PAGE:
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Comparative effects of unilateral and bilateral subthalamic nucleus deep brain stimulation on gait kinematics in Parkinson’s disease: a randomized, blinded study


Gait dysfunction in Parkinson’s disease (PD) does not always respond to bilateral subthalamic nucleus deep brain stimulation (STN-DBS). Since right hemisphere motor networks may be dominant for gait control, identical stimulation of asymmetric circuits could account for gait dysfunction. We compared the effects of bilateral and unilateral STN-DBS on gait kinematics in PD patients who developed gait impairment after STN-DBS. Twenty-two PD patients with >50 % improvement in motor scores, but dopamine-resistant gait dysfunction 6–12 months after bilateral STN-DBS were blindly tested off dopaminergic effects in four randomly assigned DBS conditions: bilateral, right-sided, left-sided and off stimulation. Motor scores (MDS-UPDRS III), gait scores (MDS-UPRDS 2.11–2.13 + 3.9–3.13), turning time (seconds), stride length (meters) and velocity (meters/second) were measured 1 h after DBS changes. Motor and gait scores significantly improved with bilateral versus unilateral STN-DBS. Stride length and velocity (0.95 ± 0.06, 0.84 ± 0.07) significantly improved with bilateral (1.09 ± 0.04, 0.95 ± 0.05), right-sided (1.06 ± 0.04, 0.92 ± 0.05) and left-sided stimulation (1.01 ± 0.05, 0.90 ± 0.05) (p < 0.05). Stride length significantly improved with right-sided versus left-sided (0.05 ± 0.02) and bilateral versus left-sided stimulation (0.07 ± 0.02) (p < 0.05). Turning time (4.89 ± 0.6) tended to improve with bilateral (4.13 ± 0.5) (p = 0.15) and right-sided (4.27 ± 0.6) (p = 0.2) more than with left STN-DBS (4.69 ± 0.5) (p = 0.5). Bilateral STN-DBS yields greater improvement in motor and gait scores in PD patients. Yet, unilateral stimulation has similar effects on gait kinematics. Particularly, right-sided stimulation might produce slightly greater improvements. Although the clinical relevance of differential programming of right versus left-sided STN-DBS is unclear, this approach could be considered in the management of treatment-resistant gait dysfunction in PD.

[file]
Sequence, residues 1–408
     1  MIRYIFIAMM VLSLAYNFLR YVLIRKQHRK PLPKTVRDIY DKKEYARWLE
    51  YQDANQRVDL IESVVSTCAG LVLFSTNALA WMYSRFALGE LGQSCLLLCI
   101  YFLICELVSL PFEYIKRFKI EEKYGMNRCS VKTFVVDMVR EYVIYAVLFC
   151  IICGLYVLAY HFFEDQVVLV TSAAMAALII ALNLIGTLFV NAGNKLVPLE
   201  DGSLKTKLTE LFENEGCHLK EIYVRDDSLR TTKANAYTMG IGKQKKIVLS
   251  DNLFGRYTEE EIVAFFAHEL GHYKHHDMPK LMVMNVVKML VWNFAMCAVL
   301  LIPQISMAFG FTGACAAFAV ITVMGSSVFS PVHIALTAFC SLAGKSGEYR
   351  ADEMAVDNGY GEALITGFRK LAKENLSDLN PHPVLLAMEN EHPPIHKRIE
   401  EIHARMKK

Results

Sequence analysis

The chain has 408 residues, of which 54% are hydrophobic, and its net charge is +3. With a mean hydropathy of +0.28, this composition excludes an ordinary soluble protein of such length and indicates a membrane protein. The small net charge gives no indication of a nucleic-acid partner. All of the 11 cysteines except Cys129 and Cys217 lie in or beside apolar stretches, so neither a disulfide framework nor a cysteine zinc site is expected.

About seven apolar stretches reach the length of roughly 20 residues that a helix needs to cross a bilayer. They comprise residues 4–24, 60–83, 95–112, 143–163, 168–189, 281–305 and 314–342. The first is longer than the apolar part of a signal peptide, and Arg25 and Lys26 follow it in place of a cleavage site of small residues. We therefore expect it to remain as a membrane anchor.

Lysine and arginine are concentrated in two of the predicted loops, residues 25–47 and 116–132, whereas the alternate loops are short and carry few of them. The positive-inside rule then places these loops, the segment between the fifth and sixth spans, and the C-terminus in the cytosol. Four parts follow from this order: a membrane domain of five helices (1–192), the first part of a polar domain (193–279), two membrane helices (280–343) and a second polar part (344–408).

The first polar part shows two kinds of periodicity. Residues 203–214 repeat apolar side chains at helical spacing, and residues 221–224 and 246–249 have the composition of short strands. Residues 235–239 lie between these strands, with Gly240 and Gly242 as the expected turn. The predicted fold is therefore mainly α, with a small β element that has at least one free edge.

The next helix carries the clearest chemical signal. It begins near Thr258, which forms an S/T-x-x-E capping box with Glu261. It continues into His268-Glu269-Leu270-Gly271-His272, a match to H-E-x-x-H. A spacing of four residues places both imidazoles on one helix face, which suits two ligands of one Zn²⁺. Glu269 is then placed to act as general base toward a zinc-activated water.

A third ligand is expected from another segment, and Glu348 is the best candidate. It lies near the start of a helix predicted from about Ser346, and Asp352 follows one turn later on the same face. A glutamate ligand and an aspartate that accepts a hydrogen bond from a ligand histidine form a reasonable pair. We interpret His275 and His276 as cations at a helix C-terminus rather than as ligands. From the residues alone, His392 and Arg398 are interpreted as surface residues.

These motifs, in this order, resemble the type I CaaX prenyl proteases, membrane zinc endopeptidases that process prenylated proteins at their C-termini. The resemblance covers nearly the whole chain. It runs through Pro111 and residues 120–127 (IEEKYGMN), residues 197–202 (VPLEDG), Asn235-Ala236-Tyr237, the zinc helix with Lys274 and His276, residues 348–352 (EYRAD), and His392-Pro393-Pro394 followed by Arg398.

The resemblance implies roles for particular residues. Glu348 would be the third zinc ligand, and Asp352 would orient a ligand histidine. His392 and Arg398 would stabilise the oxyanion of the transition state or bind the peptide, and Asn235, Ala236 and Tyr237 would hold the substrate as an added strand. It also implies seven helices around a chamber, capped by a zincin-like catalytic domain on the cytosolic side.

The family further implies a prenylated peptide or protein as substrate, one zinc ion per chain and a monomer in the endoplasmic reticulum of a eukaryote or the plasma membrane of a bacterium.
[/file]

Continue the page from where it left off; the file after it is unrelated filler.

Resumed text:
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We thank Dr. Kris Arheart for his assistance with the statistical analysis and Dr. Bruno Gallo for his help with the programming of the DBS devices. This work has been supported by the American Academy of Neurology Clinical Training Fellowship for Dr. Corneliu C. Luca.

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Correspondence to Corneliu C. Luca.

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Drs. Jonathan Jagid and Corneliu C. Luca are consultants for Medtronics. Dr. Karlo J. Lizarraga has no conflicts of interest to declare.

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This study was approved by the institutional regulatory bord and conducted in full compliance.

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Lizarraga, K.J., Jagid, J.R. & Luca, C.C. Comparative effects of unilateral and bilateral subthalamic nucleus deep brain stimulation on gait kinematics in Parkinson’s disease: a randomized, blinded study. J Neurol 263, 1652–1656 (2016).

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  • Parkinson’s disease
  • Gait dysfunction
  • Deep brain stimulation
  • Subthalamic nucleus